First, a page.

Electrostatic Charge Effects on Pharmaceutical Aerosol Deposition in Human Nasal–Laryngeal Airways
AbstractElectrostatic charging occurs in most aerosol generation processes and can significantly influence subsequent particle deposition rates and patterns in the respiratory tract through the image and space forces. The behavior of inhaled aerosols with charge is expected to be most affected in the upper airways, where particles come in close proximity to the narrow turbinate surface, and before charge dissipation occurs as a result of high humidity. The objective of this study was to quantitatively evaluate the deposition of charged aerosols in an MRI-based nasal–laryngeal airway model. Particle sizes of 5 nm–30 µm and charge levels ranging from neutralized to ten times the saturation limit were considered. A well-validated low Reynolds number (LRN) k–ω turbulence model and a discrete Lagrangian tracking approach that accounted for electrostatic image force were employed to simulate the nasal airflow and aerosol dynamics. For ultrafine aerosols, electrostatic charge was observed to exert a discernible but insignificant effect. In contrast, remarkably enhanced depositions were observed for micrometer particles with charge, which could be one order of magnitude larger than no-charge depositions. The deposition hot spots shifted towards the anterior part of the upper airway as the charge level increased. Results of this study have important implications for evaluating nasal drug delivery devices and for assessing doses received from pollutants, which often carry a certain level of electric charges.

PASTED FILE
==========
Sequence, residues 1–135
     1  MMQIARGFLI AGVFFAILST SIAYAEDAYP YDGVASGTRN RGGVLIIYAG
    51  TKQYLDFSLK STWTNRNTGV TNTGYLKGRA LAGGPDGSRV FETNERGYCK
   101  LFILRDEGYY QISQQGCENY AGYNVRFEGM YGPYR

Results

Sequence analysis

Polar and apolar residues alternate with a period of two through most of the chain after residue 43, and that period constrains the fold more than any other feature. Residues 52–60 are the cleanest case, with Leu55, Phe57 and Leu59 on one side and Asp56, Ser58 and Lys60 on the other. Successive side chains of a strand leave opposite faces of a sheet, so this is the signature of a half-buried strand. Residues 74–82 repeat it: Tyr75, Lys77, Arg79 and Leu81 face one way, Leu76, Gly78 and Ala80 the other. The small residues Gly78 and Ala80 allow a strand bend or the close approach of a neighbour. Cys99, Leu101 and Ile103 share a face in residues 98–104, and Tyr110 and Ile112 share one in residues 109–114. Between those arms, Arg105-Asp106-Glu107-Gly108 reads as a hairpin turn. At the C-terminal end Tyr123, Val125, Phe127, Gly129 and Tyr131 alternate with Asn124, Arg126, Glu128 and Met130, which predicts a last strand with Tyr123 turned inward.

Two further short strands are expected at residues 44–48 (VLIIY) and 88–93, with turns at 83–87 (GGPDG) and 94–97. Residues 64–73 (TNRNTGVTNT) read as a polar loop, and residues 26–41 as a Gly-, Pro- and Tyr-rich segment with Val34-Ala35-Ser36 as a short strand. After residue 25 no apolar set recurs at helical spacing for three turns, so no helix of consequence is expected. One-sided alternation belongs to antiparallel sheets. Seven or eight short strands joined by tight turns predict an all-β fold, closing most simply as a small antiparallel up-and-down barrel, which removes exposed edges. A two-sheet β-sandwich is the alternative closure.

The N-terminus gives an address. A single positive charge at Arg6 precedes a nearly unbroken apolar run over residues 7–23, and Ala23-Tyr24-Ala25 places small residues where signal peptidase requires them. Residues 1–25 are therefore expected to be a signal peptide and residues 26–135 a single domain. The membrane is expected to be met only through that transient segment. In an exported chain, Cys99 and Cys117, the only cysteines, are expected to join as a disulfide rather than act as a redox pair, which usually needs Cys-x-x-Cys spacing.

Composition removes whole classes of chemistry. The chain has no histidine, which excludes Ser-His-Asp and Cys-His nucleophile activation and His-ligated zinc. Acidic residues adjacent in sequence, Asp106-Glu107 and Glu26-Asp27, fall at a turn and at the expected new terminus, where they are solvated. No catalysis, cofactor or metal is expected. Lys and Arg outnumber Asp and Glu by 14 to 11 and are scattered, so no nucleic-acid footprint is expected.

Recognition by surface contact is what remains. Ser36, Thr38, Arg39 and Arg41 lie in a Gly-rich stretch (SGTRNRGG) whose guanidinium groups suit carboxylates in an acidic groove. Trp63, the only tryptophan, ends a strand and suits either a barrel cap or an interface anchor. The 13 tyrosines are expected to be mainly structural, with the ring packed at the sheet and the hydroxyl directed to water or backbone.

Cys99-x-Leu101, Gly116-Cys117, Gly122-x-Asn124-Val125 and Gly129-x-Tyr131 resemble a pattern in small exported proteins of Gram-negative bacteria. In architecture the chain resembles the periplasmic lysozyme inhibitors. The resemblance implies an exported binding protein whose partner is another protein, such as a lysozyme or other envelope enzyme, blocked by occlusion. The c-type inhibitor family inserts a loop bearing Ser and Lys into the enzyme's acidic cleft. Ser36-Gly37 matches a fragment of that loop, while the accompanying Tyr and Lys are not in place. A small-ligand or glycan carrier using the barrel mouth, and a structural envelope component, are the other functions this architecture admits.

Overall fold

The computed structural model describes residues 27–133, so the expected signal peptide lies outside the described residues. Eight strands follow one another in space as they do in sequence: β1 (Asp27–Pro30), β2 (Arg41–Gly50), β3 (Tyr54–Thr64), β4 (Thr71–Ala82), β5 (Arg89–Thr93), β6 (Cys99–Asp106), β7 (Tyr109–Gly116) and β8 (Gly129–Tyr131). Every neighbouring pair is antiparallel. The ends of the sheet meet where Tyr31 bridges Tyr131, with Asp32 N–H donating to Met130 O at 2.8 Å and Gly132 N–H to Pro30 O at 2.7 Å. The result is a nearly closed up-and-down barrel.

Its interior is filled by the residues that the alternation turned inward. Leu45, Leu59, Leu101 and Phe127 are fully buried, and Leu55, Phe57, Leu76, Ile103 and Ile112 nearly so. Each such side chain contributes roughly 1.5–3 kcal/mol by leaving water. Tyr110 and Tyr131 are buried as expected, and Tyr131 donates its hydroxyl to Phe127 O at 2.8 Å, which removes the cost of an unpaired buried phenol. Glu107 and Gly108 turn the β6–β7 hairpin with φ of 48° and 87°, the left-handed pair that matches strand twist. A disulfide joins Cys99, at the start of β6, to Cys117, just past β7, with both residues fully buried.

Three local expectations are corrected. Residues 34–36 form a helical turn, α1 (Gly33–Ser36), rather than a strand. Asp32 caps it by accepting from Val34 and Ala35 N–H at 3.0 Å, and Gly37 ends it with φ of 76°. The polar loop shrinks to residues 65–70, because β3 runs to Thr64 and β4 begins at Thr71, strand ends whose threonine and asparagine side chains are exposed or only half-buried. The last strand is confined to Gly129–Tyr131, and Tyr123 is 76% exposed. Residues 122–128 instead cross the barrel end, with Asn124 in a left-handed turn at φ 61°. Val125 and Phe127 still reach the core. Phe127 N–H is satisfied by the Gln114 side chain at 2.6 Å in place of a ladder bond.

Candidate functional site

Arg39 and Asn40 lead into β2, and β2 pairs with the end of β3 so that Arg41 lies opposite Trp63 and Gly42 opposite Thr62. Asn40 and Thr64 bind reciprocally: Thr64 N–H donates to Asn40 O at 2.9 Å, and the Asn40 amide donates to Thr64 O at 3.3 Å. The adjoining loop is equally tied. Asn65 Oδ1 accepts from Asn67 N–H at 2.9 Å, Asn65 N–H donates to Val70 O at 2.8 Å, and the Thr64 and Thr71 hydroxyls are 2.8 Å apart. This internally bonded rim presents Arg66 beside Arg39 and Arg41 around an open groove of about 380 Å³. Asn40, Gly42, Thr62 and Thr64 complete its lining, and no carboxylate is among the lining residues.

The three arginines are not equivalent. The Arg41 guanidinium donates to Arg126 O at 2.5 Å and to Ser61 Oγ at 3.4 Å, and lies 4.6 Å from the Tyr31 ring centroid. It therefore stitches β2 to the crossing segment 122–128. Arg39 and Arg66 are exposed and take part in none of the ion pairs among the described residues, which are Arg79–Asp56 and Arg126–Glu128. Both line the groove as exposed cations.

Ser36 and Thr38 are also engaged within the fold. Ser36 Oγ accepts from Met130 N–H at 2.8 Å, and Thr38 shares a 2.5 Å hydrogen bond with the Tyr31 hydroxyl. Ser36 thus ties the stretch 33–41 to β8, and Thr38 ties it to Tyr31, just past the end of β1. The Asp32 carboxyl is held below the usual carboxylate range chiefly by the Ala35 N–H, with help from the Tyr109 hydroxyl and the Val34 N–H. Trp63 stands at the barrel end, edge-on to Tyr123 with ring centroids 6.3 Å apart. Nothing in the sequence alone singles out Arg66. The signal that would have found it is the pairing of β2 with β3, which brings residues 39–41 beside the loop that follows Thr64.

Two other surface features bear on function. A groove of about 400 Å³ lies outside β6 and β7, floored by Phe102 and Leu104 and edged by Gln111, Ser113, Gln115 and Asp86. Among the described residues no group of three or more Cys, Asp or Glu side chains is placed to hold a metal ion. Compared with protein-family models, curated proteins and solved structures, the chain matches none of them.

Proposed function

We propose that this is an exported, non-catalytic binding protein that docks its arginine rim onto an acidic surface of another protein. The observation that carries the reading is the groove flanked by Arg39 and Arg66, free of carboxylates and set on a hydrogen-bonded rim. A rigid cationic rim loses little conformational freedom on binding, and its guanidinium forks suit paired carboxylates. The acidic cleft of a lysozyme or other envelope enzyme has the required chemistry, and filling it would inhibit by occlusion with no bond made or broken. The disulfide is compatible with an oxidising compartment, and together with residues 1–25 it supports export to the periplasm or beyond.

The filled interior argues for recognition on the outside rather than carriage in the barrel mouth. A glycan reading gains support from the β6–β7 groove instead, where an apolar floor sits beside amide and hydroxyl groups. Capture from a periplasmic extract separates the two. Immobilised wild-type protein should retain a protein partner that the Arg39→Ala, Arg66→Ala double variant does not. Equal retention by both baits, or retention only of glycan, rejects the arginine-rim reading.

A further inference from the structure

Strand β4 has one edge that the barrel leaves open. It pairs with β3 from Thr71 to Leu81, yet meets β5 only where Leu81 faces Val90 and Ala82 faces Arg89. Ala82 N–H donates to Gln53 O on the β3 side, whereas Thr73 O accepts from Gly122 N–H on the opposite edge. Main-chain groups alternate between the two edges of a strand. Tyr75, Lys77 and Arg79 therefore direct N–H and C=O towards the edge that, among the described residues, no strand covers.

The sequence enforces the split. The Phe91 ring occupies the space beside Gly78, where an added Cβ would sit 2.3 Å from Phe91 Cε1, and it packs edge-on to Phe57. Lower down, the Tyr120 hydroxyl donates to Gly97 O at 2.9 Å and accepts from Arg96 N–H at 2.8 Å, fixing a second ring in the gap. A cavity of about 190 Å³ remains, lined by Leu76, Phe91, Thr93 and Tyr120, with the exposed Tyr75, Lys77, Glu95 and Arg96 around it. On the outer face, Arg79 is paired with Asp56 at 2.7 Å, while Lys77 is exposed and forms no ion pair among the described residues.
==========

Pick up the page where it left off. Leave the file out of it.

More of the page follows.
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Xi, J.; Si, X.; Longest, W. Electrostatic Charge Effects on Pharmaceutical Aerosol Deposition in Human Nasal–Laryngeal Airways. Pharmaceutics 2014, 6, 26-35.
Xi J, Si X, Longest W. Electrostatic Charge Effects on Pharmaceutical Aerosol Deposition in Human Nasal–Laryngeal Airways. Pharmaceutics. 2014; 6(1):26-35.Chicago/Turabian Style
Xi, Jinxiang; Si, Xiuhua; Longest, Worth. 2014. "Electrostatic Charge Effects on Pharmaceutical Aerosol Deposition in Human Nasal–Laryngeal Airways." Pharmaceutics 6, no. 1: 26-35.